I would say my chemical sensitivity, like I had always been a little bit sensitive, but it just blew up. 

I was the one wearing the mask in the grocery store and stuff like that for many years. 

I always had low blood pressure. I was always prone to fainting, and it just again went berserk. Yeah, as an intern, I passed out in the OR and contaminated the whole situation and they had to start, like, do everything over and bring all new instruments.

So that (fainting) was just happening most days, and it was several years until I met a physician who understood about POTS

and Florinef, which I’m still on. 

[11:51] Liz: So, POTS is Postural Orthostatic

[11:53] Dr. Eleanor Stein: Tachycardia syndrome. So, basically your blood pressure goes down, your heart rate goes up to compensate, but it never quite compensates enough.

And I mean, I’ve probably passed out hundreds, if not thousands of times. Wow.

[12:10] Liz: And before it was more occasionally. And then it was like on a daily basis.

[12:15] Dr. Eleanor Stein: Yeah, after I became ill, it was just like, I couldn’t. You know, I still have low blood pressure. Now I know so much more. I realized the whole hypermobility thing, it all comes as a package.

So that’s genetic. Everybody in my yoga class is envious. They think it’s so great to be super flexible, right? And I’m like, “No, no, no. Be careful what you ask for.”

[12:38] Liz: Yeah, I know that hypermobility, I think it’s also called Ehrling Dengler Syndrome? 

[12:44] Dr. Eleanor Stein: Ehrlers Danlos. Yeah.

[12:46] Liz: And that’s somehow linked to this. I don’t know how it’s linked, but it is.

[12:51] Dr. Eleanor Stein: Yeah, it’s definitely linked. I mean, that was shown more than 25 years ago by Peter Rowe, Professor Peter Rowe. at Johns Hopkins. So I think the low energy makes it harder to keep blood pressure up. We have little muscle cells in the walls of our tiniest arterioles, like little, little tiny cells. And if those little muscle cells don’t have enough energy, they just are floppy, right?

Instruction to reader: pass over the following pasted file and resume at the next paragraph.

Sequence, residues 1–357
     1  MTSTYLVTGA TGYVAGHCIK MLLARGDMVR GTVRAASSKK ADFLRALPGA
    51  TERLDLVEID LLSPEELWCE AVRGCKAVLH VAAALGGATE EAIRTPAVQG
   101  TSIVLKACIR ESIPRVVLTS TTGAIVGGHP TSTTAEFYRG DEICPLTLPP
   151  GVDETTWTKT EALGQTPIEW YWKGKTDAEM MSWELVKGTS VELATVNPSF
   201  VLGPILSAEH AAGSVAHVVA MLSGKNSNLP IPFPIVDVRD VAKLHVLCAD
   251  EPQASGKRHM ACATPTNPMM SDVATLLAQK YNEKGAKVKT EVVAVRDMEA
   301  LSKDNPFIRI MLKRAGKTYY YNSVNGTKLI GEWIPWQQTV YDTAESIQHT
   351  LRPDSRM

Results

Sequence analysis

And so the research shows people with ME have blood pooling often. You know, that’s why support hose is one of the sometimes very helpful recommendations. And so you have a combination of a genetic predisposition to having floppy blood vessels, and then on top of that now you don’t have enough energy for the little cells to work.

So I think that’s my non-scientific understanding of why people with low blood pressure and we’ll just say connective tissue disorders in general are more vulnerable.

[13:54] Liz: Yes, I actually have low blood pressure too, or it’s genetic, yes, my  mom also has it. 

[13:59] Dr. Eleanor Stein: Those were the main things.

[14:19] Dr. Eleanor Stein: And just frustration and anger, right?

Because even though I’m a physician, nobody knew what I had, it didn’t really make any difference. 1989, there was no treatment. The Holmes criteria had just come out in 1988, and there were probably exactly five people in the world who, well, I’m being a bit dramatic, but you know, there was the people on that CDC committee.

And they were pretty much the only people in the world who knew anything at that time. 

So just like all of my patients, I was diagnosed as having depression because my doctor just didn’t know what was going on.

[14:56] Liz: Yeah. Sleeping a lot and they’re like, “Oh, that’s depressed people sleep a lot.” And then I guess he got sent off with some SSRIs or…

[15:08] Dr. Eleanor Stein: Well they didn’t actually exist at that time.

[15:10] Liz: [Mutual laughter.] Yeah. So they just told you to see a psychiatrist?

[15:18] Dr. Eleanor Stein: Yeah, I did. I went along to a psychiatrist. I went on doxepin. So that’s an old tricyclic antidepressant. And it actually was a little bit helpful because I don’t know, it somehow helped my sleep a little tiny bit. And so I think it helped me consolidate my sleep a little bit.

So it did help me function for a few years.

[15:39] Liz: Yeah, I mean, that’s got to be really interesting seeking medical help as a medical doctor yourself. How is that like?

[15:48] Dr. Eleanor Stein: So I actually went to see, I won’t name names, but I went to see someone who was on that CDC committee.

Right? There was one, two Canadians, I think, on the committee. I lived close. I went. She told me I was depressed. So even though this person supposedly knew something about ME, she really didn’t. And I’ve talked to her since then, so, you know, we hang out in the same circle. So a few years ago, I went up to her and I told her what happened and just hope it would make a difference for, you know, people seeing her in the future.